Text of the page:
The Peregrine was an 885 hp liquid-cooled V-12 aircraft engine designed by Rolls Royce in the early 1930s. It was essentially the ultimate development of their Rolls-Royce Kestrel, which had seen widespread use. The engine was named after the Peregrine Falcon bird of prey.
As it turned out, aircraft designs rapidly increased in size and power requirements to the point where the Peregrine was simply too small to be useful. Rolls' internal project to "fill in the gap" between the Peregrine and Vulture resulted in the Rolls-Royce Merlin, which annihilated any demand for the smaller, less powerful Peregrine. The demand for the Merlin overshadowed development of the Peregrine and resources for it were cut back as attempts were made to quickly bring the Merlin into service.
In the end only two aircraft used the Peregrine, the Westland Whirlwind and the second prototype of the Gloster F9/37, both twin-engine designs the prototype F9/37 had used the radial Bristol Taurus. The Ministry requirement for the F9/37, a cannon-armed fighter (the Hurricane and Spitfire were armed with machine guns only at this point), was curtailed and there was no further progress with the design. The Whirlwind, despite having excellent low-altitude performance, proved uneconomical compared with single-engined fighters, and also suffered as a consequence of the Peregrine reliability problems. Low production rates of the Peregrine caused delays in delivery to squadron use.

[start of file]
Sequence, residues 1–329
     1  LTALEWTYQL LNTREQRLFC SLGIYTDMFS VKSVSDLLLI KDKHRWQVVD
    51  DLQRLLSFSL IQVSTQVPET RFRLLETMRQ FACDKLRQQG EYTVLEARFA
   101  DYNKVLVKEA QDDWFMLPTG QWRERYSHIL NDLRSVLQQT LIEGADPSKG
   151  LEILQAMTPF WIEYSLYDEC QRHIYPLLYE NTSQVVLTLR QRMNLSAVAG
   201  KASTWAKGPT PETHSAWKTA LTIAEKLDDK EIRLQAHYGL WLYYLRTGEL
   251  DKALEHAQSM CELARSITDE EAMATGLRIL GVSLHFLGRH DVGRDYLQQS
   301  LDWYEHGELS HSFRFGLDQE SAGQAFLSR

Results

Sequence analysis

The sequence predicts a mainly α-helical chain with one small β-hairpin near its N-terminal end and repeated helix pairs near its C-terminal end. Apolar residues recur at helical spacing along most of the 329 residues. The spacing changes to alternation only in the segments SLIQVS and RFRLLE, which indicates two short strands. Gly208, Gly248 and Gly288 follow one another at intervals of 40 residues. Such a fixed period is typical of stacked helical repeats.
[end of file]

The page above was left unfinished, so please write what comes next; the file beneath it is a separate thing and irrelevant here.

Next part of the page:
While reliability problems were not uncommon for Rolls-Royce's new engine designs of the era, the company's testing department was told to spend all of their time on developing the more powerful Merlin to maturity. As a result of the Merlin's priority, the unreliable Peregrine was abandoned, its production ending in 1940. Other cannon-armed fighters were becoming available and the Whirlwind was tightly designed around the Peregrine so changing to a different engine was not a feasible option. Only 141 Whirlwinds and a corresponding number of Peregrines (301) were built.